Apple to close iPhone security loophole used by police


Apple is about to make it much harder for law enforcement agencies to gain access to information on iPhones. Eventually, the Federal Bureau of Investigation paid a third party $900,000 to hack the phone.

Apple plans to send out a software update to iPhone users that will make the smartphone's charging and data port inoperative an hour after the phone has been locked. To transfer data to or from the iPhone using the port, a person would first need to enter the phone's password.

Apple said Wednesday that it's closing a security loophole that many law enforcement agencies use to break into phones and other devices.

Apple said the new features are not created to frustrate law enforcement but prevent any bypassing of encryption by good or bad actors. Undoubtedly, researchers and police vendors will find new ways to break into phones, and Apple will then look to patch those vulnerabilities.

"We have the greatest respect for law enforcement, and we don't design our security improvements to frustrate their efforts to do their jobs", said Apple. That frustrated police and prosecutors who could not pull data from smartphones, even with a warrant.

Apple has insisted that the new security measure is primarily aimed at protecting users in despotic countries, not at making law enforcement's job more hard.

The two sides fought in court for a month. It's entirely plausible that Apple would switch that end from USB-A over to USB-C while leaving the Lightning port on the other end intact in order to continue reaping the benefits in accessory licensing.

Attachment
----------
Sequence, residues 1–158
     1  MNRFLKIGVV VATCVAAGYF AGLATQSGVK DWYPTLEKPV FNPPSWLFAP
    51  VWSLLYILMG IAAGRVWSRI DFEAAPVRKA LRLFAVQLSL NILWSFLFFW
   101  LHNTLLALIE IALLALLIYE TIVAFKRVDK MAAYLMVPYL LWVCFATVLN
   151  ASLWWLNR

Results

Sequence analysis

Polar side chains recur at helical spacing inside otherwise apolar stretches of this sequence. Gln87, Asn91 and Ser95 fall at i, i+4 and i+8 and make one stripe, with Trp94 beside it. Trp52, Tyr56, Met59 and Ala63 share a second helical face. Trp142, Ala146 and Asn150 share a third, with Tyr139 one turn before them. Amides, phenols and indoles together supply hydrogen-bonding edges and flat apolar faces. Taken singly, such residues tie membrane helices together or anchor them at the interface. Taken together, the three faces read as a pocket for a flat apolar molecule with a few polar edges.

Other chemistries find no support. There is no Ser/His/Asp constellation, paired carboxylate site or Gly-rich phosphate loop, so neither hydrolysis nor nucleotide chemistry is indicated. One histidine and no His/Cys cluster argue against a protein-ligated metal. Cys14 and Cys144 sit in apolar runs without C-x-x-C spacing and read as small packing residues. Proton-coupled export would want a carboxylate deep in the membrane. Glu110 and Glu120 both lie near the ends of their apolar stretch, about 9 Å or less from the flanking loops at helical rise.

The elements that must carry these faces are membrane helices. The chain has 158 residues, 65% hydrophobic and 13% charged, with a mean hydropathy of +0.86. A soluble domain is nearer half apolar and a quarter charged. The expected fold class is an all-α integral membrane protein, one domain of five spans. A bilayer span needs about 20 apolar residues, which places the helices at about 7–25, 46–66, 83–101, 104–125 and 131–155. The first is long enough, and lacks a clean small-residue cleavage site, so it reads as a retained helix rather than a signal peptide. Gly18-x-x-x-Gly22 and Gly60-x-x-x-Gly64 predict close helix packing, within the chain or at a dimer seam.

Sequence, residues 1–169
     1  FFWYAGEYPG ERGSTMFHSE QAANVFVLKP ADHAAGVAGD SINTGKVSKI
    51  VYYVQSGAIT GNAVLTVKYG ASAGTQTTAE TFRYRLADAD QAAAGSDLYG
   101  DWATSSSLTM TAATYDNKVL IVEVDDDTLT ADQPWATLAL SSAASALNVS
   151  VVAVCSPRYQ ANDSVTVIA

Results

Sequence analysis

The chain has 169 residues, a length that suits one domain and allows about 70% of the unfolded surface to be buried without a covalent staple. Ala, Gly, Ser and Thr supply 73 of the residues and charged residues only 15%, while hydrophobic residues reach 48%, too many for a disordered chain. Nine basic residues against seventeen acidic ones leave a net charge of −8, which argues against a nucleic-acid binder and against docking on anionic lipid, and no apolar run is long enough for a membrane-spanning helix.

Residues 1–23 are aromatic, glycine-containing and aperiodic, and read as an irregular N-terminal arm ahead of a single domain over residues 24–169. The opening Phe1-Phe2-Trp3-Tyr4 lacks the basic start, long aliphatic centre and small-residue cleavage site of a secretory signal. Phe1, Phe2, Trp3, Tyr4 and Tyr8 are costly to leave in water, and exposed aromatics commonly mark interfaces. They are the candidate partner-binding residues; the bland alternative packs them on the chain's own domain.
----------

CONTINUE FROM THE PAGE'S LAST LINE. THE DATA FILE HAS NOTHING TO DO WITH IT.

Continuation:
That solution should thwart iPhone cracking devices like those made by GrayShift and Cellebrite.

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Law enforcement and security teams are unlikely to be the only people affected. iPhone peripherals have industrial and medical uses - and DJs had better not wander too far from the decks. The data on the device is encrypted and can not be pulled off without cooperation from Apple or the phone's owner - or possibly by using a corpse's fingerprint. After the update, this ruse will no longer work.

The FBI didn't immediately respond to a request for comment.

Opening locked iPhones through these methods has become more common, law enforcement officials said.

Federal agencies including the FBI, DEA, State Department, Secret Service and least five states already have the GrayKey device or are in the process of obtaining it.

Police across the country are purchasing a tool called GrayKey.

The encryption on smartphones only applies to data stored exclusively on the phone.

Apple, however, has seen an uptick from the USA government in seeking information from its devices or accounts.